Solidarity to Political Prisoners and Jury Resistors!
These two political prisoners were sent to the “SHU” (solitary housing unit) for a crime they weren’t even suspects in, they weren’t ever charged with anything and they weren’t serving out a prison sentence either. They were held for contempt, for refusing to testify to a grand jury about some property damage which had taken place on May Day last year in Seattle and you’ll hear one of these people (KteeO) had testified she wasn’t even at the May Day event at all.
[excerpts from the info provided on the video]
The suspects are alleged to be a group of anarchists, as are KteeO and Matt. Matt and KteeO believe they were brought in to testify based solely on their shared political beliefs with the suspects, and that the FBI is on a witch hunt to track down political dissenters.
Using solitary confinement for convicted felons is controversial enough, but in this case the imprisonment was a form of coercion. The judge only released Matt and KteeO after concluding that they would not break their resolve under the harshest of circumstances.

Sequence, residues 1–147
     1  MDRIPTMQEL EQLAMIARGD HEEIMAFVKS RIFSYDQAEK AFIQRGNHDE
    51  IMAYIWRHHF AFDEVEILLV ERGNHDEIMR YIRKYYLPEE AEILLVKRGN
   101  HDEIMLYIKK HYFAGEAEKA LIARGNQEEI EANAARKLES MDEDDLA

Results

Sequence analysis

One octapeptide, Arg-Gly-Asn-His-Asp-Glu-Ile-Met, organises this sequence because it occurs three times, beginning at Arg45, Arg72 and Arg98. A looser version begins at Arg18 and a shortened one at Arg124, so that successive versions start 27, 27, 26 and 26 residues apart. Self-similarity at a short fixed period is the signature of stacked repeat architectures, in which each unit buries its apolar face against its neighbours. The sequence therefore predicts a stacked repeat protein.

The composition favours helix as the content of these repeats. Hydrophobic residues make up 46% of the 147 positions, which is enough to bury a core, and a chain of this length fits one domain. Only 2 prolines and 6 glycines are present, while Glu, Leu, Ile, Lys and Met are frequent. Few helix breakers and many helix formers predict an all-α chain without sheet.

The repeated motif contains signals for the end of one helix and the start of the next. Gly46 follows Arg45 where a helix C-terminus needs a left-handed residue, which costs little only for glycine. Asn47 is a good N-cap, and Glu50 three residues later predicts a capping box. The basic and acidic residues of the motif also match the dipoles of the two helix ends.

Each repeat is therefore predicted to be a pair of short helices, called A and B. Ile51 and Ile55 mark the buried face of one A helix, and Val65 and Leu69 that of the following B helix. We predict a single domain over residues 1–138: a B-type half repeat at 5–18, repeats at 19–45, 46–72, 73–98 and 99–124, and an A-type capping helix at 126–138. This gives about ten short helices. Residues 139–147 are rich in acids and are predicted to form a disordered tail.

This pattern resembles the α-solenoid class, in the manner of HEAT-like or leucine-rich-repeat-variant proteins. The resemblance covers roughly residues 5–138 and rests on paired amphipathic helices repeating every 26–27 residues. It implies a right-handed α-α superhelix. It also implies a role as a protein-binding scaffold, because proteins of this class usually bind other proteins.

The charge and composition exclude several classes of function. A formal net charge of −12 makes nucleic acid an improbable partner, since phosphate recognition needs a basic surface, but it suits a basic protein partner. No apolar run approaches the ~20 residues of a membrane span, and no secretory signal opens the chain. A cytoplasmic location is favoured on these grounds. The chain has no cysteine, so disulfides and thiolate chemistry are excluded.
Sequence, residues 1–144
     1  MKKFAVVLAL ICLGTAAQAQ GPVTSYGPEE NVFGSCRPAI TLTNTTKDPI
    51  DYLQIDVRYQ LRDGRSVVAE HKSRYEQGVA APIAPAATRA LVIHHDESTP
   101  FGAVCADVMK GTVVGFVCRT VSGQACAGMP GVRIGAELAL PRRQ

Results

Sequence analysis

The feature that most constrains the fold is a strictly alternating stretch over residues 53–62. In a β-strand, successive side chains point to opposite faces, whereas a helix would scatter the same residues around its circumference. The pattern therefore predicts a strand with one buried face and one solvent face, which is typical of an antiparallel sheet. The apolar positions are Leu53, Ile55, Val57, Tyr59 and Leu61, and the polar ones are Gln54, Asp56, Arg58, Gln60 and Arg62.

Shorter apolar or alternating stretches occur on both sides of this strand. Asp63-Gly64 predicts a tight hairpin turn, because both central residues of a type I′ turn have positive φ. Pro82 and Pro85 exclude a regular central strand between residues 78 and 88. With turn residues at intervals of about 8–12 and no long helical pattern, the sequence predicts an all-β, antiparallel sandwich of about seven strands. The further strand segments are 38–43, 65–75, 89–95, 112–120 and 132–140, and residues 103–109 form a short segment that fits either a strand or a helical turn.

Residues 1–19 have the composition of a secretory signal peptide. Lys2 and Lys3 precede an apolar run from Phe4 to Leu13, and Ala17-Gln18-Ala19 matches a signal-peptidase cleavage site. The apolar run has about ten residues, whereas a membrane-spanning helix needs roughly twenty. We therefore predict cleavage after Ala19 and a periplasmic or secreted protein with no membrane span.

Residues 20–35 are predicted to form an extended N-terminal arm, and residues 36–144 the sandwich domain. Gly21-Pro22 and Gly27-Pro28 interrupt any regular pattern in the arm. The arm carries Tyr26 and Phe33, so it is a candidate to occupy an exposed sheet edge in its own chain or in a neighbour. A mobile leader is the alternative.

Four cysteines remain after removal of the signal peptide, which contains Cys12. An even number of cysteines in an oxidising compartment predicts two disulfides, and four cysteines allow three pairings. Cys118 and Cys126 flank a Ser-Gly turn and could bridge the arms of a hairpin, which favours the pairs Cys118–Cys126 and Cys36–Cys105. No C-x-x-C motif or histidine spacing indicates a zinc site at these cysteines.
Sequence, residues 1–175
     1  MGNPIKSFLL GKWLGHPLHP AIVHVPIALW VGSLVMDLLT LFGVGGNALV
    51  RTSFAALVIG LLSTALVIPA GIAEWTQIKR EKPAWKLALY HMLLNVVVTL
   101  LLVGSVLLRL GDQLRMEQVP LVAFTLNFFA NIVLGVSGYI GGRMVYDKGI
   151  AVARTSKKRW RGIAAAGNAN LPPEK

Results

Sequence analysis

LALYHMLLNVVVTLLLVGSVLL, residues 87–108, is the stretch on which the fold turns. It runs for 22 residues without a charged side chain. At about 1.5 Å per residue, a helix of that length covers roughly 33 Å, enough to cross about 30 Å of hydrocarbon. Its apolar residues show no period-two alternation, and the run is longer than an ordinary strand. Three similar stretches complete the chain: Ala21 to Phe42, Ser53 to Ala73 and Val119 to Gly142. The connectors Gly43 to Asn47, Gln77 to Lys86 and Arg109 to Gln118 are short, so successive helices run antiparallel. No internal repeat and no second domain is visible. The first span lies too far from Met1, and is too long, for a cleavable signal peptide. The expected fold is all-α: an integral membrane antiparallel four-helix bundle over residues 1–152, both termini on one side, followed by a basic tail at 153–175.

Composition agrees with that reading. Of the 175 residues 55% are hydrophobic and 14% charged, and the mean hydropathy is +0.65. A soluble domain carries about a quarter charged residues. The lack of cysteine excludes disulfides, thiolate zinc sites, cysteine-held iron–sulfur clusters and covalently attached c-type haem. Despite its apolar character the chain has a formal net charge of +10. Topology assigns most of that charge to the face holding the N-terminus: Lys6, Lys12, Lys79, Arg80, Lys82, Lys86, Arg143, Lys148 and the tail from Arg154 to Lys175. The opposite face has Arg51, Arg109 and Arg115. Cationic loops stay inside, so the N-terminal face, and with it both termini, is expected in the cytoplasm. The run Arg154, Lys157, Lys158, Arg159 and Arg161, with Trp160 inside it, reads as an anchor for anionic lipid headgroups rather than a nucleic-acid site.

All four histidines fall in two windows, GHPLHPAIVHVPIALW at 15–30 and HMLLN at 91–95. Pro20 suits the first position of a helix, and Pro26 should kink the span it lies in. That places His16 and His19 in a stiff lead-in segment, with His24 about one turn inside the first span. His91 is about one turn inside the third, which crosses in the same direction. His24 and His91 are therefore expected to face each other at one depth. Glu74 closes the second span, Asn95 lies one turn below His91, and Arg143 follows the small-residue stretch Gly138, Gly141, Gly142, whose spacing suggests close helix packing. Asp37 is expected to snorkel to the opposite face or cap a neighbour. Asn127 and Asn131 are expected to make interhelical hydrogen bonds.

There were several raids in Seattle in the summer of 2011, which were conducted supposedly to investigate the May Day incident and like KteeO and Matt, this political prisoner (Plante), was not at the event, nor was she even in Seattle at the time! Plante also faced a grand jury and resisted, but it’s not yet known whether she will also be detained in the SHU…
The warrants for the related raids used similar language. One warrant for an early morning raid at a Seattle home also listed black clothing, electronics, and “paperwork—anarchists in the Occupy movement.” In effect, witnesses in Portland and Seattle say, federal and local police burst into people’s homes while they were sleeping and held them at gunpoint while rummaging through their bookshelves, looking for evidence of political leanings instead of evidence of a crime. (For the record, I executed a quick search of my home early this morning and found black clothing, cans of paint, sticks, cloth, electronics, and “anarchist literature.”)
Forty-five minutes after Plante pushed through the revolving door at the courthouse, she reemerged. She smiled shyly while the crowd of protesters cheered. Plante told the crowd that she gave the grand jury her name and her date of birth, refused to answer any other questions, and was released.